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In Defense of the Children’s Sermon

How we’ve made those five minutes of our service some of the most influential—for kids and adults.
In Defense of the Children’s Sermon
Image: FatCamera / Getty Images

I didn’t grow up with children’s sermons, and for my first five years of ministry, I never gave them much thought. In fact I’m not sure I’d even seen one done before. I had an idea of what they must be like: a pastor taking precious minutes of a worship service, using a forced, talking-to-children voice to give a watered-down moral for the children. The very concept sounded hokey to me. I never thought they would become a vital part of my ministry.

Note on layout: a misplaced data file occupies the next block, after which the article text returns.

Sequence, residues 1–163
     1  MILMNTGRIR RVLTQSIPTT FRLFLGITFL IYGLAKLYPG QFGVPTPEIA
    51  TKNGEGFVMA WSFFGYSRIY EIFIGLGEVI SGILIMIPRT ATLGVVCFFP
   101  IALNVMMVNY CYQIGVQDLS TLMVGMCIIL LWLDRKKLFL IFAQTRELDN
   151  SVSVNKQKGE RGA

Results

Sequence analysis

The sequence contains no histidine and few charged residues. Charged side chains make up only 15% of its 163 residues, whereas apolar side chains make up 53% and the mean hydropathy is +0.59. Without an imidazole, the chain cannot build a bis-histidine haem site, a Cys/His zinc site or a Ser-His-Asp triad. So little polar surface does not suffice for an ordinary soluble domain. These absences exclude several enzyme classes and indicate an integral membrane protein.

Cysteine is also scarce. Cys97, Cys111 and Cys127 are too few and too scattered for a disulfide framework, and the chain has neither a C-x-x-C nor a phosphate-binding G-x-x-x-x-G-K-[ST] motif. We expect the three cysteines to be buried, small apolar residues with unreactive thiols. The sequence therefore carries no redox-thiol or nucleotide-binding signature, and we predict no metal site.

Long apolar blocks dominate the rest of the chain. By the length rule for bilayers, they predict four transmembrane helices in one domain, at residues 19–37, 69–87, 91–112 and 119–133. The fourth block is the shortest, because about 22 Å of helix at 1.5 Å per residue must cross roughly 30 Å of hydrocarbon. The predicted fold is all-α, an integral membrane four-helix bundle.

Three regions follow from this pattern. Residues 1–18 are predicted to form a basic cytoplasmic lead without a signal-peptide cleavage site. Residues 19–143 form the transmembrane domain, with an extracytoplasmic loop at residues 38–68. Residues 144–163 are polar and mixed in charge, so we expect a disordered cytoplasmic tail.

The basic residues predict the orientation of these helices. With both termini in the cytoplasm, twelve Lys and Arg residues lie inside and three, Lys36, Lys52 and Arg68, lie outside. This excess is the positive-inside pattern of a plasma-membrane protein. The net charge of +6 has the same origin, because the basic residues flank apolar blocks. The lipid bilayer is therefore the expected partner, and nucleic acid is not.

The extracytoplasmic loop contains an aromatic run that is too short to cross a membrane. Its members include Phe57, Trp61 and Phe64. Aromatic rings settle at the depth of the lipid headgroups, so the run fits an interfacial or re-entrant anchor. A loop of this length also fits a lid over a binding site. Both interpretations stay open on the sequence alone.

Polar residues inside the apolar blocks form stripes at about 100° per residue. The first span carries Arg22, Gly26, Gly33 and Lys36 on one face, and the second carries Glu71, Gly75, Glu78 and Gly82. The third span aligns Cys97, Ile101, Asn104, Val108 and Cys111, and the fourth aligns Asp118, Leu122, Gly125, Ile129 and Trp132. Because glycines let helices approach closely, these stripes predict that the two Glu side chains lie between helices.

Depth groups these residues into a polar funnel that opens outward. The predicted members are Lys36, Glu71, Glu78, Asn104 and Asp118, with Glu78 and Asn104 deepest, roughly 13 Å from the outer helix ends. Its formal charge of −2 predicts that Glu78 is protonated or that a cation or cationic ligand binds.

My opinion changed completely when I moved to plant a church out of First Presbyterian Church of Columbia, South Carolina. Sinclair Ferguson was the senior pastor at the time, and he loves children. He also knows how to speak to children. He helped me see the place and power of a good children’s sermon in the worship service. Week after week, he gathered up his robe and sat down in the front of the sanctuary to get eye level with the kids. Most weeks he brought props—he once borrowed the snakeskin I had just ...

May/June
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